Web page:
With my mother, Minna, shortly after my birth – a tiny, sickly baby.

To those who barely knew her, my mother (or ‘my Minna’, as I called her – because my father did!) was ‘the perfect lady’, speaking excellent, virtually unaccented English.  She always came across as a refined, cultured woman with exemplary manners and a strong personality. She was, indeed, all those things.

But as a mother and as a woman, she was so much more.

Her story has been well told by my late father in his four-volume book A Danish Wife. How they met in a mountain refuge in the Dolomites. Her unconsummated marriage – and difficult divorce. Her arrival in England. Her voluntary service with the ATS, ultimately leading to rejection and a mental breakdown. Her conversion to Catholicism – and its effect on a marriage the church took years to recognise. Her struggle to conceive – and the ‘miracle’ that resulted in my own difficult birth when she was already 42.

But all that was unknown to me as a child.

Still recovering from the trauma of her breakdown – and the multiple challenges surrounding my birth – my mother lacked confidence. She loved her tiny son but did not trust her instincts to touch and hold me. And I was a sickly baby who did not thrive, like so many babies born into the Great Smog of December 1952.

Even so, she and my father responded magnificently. To get me away from London she travelled with me to the Isle of Wight, where fresh air and a healthier environment finally allowed me to put on weight for the first time since my birth. (And to meet Father Azzopardi, the puckish little Maltese Benedictine who had done his level best to reconcile my father with the Catholic church.) In the meantime my amazing father was searching for – and finding – a new home for us in the country, far away from the noise and pollution of Norwood. It took every penny he had…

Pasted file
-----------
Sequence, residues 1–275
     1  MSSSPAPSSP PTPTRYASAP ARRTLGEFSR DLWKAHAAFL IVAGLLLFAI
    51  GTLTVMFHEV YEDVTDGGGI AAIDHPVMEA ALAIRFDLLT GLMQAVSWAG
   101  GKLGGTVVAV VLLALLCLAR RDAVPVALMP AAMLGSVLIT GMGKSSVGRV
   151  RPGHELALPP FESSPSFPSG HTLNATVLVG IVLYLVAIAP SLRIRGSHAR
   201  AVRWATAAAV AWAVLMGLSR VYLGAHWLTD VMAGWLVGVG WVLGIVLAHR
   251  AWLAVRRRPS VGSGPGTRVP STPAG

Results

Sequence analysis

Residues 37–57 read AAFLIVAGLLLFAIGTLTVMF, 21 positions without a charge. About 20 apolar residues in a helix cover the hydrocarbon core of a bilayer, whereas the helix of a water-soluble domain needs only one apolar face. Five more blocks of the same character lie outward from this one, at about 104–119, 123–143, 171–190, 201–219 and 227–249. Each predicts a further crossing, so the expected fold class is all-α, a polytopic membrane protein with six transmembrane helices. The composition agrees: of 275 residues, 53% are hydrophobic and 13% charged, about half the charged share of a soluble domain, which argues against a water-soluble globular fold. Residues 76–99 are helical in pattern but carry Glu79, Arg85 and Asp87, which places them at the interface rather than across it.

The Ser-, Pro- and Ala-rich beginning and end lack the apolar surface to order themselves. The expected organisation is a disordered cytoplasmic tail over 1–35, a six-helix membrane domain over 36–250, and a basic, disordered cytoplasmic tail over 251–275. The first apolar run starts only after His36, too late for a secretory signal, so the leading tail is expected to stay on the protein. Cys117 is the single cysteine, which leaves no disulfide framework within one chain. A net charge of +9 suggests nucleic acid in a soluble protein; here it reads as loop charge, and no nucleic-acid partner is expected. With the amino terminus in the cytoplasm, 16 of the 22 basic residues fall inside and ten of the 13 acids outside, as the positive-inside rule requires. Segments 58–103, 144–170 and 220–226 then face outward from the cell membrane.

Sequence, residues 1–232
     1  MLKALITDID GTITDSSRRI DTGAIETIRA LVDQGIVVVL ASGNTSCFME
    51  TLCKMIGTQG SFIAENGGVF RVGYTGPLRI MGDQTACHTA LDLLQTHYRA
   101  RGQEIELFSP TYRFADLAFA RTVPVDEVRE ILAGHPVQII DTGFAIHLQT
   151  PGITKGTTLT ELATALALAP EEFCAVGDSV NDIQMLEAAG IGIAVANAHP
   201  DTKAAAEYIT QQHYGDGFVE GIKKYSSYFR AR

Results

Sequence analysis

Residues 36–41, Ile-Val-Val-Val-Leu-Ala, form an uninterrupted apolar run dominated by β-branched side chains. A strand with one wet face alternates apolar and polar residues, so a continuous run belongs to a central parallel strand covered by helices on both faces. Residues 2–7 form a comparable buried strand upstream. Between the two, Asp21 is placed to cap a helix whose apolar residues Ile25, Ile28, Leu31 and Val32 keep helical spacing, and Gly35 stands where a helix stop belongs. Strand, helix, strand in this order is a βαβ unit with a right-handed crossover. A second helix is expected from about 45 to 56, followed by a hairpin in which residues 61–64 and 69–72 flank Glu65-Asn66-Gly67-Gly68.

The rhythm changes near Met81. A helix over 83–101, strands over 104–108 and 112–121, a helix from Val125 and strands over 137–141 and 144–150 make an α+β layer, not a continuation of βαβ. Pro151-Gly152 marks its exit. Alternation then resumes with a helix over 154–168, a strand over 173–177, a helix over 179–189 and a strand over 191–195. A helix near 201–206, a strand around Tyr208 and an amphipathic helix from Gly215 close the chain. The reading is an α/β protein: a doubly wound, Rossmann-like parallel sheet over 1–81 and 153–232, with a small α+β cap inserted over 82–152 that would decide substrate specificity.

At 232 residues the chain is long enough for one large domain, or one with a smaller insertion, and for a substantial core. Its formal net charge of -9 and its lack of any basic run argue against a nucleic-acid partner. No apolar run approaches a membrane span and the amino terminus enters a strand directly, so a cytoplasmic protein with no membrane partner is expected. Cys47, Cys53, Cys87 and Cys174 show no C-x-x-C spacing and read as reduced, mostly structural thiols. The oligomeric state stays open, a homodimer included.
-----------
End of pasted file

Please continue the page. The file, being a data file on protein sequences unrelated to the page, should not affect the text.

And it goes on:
My awkward birth position had left me with shortened Achilles tendons that forced me to walk on tiptoe. Only hours of patient manipulation by my mother – and many, many hours they must have been – stretched those tendons enough that I could walk more or less normally. She was, however, reluctant to cut her son’s plentiful crop of ‘golden curls’ – until, that is, several passers-by had admired the ‘pretty little girl’ playing in the front garden…

Despite her best efforts, I remained a sickly child prone to bouts of asthma and bronchitis, and requiring patient and loving nursing. Which I received in full measure. My mother being my mother, she turned to any source of information she could find in her efforts to find what was wrong with me. The results suggested I had multiple allergies. She arranged for tests which proved that was indeed the case. Care after that consisted in frequent visits to the local surgery for a long series of injections, which continued for many years.

I went to school early – I was the youngest in my class – but bouts of asthma and bronchitis frequently kept me away. Often enough to prompt visits from school inspectors, who would often find me playing happily at home. My mother, however, was adamant. ‘Yes, he’s fine. Here. If I send him back he’ll be ill again.’ Needless to say, in a household filled with books, classical music, and an attentive mother, my education did not suffer at all. But I never picked up the basic coordination skills that might have made me an even slightly competent sportsman. Or even a decent dancer…

My mother was a true Scandinavian. If I asked a question – however embarrassing or awkward it might be to give me the right answer – that was what she did. I suspect she shocked some of our more reserved fellow-Catholics on at least one occasion, though I have no idea what, exactly, I had asked her about!

But there was one gift she gave me that has been a special blessing for the whole of my life. And that was the gift of a second language – and a huge, extended Danish family.